That said, the Treasury Department estimates a $1 investment in the IRS’s enforcement ability returns $6 in revenue, and that’s not counting the deterrent effect on potential cheats, which Treasury says may be three times higher. Finding a way to close just a small portion of the tax gap would save the public huge amounts of money.

Read Next: 3 Ideas That Could Make the Tax System Work Better for Everyone

TIME Congress

America’s 11 Most Endangered Historic Places

Alan C. Spector Frank Lloyd Wright's Spring House in Tallahassee, Fla.

Since its inception 27 years ago, the National Trust for Historic Preservation's annual list of America's 11 Most Endangered Places has saved more than 250 places.

This year’s list of America’s 11 Most Endangered Historic Places spans locations from New Jersey to Hawaii and includes everything from a medical care home for veterans to a Frank Lloyd Wright creation.

The list, released annually by the National Trust for Historic Preservation, features an array of places of cultural or architectural importance that are deteriorating or are at risk of destruction. Since its inception 27 years ago, the list and the awareness it generates have helped to save more than 250 endangered places.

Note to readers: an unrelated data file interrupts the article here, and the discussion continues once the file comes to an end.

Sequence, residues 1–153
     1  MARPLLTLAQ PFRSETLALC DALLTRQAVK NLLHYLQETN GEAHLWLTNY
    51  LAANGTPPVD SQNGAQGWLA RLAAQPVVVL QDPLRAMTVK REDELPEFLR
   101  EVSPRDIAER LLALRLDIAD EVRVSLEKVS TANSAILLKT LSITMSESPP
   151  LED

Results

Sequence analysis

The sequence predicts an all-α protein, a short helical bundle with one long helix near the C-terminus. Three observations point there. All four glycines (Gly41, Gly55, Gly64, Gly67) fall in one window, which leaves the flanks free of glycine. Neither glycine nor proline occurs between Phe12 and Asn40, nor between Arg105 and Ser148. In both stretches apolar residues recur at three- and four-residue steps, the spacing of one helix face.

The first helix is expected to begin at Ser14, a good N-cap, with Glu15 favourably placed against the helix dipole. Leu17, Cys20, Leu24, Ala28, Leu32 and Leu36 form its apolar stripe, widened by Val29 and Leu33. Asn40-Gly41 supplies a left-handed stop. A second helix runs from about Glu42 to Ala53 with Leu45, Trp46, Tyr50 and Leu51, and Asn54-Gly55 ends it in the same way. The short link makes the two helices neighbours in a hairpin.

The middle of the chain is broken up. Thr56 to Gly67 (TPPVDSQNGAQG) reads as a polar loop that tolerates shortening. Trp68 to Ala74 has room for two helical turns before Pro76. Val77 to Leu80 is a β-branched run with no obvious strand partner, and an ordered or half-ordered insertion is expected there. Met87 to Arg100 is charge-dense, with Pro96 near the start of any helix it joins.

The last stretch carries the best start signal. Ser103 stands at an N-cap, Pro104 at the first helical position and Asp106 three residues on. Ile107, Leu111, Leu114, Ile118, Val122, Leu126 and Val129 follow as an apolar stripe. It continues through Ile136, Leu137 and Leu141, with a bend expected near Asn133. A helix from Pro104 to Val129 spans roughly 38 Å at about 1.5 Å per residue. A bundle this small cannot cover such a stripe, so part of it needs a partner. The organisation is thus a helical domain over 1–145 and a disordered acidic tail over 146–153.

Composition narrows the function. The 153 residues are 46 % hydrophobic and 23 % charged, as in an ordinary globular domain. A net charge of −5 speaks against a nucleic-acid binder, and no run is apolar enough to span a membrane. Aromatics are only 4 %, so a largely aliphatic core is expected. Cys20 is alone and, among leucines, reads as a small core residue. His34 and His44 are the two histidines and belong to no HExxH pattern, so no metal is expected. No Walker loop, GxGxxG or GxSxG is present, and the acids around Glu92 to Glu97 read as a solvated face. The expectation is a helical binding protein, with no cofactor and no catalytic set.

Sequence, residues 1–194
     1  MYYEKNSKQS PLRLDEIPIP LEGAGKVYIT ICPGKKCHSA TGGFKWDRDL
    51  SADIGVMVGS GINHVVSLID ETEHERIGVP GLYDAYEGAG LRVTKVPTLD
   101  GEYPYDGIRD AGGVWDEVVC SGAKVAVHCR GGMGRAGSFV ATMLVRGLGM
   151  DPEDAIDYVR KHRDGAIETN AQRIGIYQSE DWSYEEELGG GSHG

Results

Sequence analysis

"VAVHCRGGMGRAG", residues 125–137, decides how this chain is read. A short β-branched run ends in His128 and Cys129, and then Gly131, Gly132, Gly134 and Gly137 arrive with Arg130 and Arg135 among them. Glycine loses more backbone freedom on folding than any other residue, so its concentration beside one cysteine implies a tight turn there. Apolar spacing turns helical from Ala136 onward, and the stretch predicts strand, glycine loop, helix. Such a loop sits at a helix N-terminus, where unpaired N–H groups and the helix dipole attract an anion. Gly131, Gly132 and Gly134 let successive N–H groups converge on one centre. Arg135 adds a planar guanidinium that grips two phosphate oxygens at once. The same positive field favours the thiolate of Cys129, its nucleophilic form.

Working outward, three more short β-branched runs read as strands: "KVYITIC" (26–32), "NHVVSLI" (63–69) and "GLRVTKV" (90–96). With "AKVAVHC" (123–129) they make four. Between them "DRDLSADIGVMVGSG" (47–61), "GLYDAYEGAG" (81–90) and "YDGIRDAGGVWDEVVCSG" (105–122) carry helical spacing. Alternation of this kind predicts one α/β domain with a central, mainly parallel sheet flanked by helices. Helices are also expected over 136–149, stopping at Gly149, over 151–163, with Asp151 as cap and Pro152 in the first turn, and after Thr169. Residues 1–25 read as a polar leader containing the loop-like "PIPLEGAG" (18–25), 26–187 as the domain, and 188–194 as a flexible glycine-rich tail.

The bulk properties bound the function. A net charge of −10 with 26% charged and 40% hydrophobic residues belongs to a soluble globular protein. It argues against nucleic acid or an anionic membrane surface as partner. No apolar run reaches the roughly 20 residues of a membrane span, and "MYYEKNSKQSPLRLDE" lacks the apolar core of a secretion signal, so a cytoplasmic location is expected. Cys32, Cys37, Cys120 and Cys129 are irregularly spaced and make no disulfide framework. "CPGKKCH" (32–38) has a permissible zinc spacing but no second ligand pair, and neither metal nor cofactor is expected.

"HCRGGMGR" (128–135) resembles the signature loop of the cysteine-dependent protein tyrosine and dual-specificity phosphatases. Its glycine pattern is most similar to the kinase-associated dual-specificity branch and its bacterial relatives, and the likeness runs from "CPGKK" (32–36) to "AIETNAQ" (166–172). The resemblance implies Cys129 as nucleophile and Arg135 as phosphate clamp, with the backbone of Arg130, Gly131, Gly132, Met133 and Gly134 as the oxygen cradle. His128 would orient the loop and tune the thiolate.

But this year, the list has made an addition that’s not a place – the Federal Historic Tax Credit, which has been placed on ‘watch status.’ Some members of Congress are calling for the elimination of the Federal Historic Tax Credit as part of recent tax reform efforts, estimating that the provision could increase federal revenues by $10.5 billion between 2014 and 2023. The National Trust reports that the tax credit has created more than 2.4 million local jobs, leveraged nearly $109 billion in private investment for communities, and preserved more than 39,600 buildings, since it was signed into law in 1986.

Here are the National Trust for Historic Preservation’s selections for 2014.


1. Battle Mountain Sanitarium –Hot Springs, S.D.

Battle Mountain Sanitarium VA Medical Center Campus, Hot Springs, SD, Buddenborg 6.110104_mr

For over a century, the sanitarium offered medical care to the region’s veterans. It has been claimed as one of the few National Historic Landmarks owned by the Department of Veterans Affairs, but they are currently moving forward with plans to abandon the building.



2. Bay Harbor’s East Island – Miami-Dade County, Fla.


Development proposals have put a collection of buildings constructed in the unique Modern Miami Architectural style at risk for demolition.



3. Chattanooga State Office Building – Chattanooga, Tenn.


A change in ownership put this Chattanooga downtown landmark under the threat of demolition.



4. Frank Lloyd Wright’s Spring House – Tallahassee, Fla.


Constructed in 1954, the Spring House is the only built private Frank Lloyd residence in Florida and one of the few of the architect’s houses that remain. However, weather and time have led to severe deterioration.



5. Historic Wintersburg – Huntington Beach, Calif.

HistoricWintersburg_rear of 1910 Mission and 1910 manse_crChrisJepsen_OrangeCountyArchives_mr

This property that part of the story of Japanese American immigrants in Southern California and is currently threatened with demolition.



6. Mokuaikaua Church – Kailua Village, Kona, Hawaii


Earthquake damage and the ravages of time have deteriorated Hawaii’s first Christian Church, built in 1837.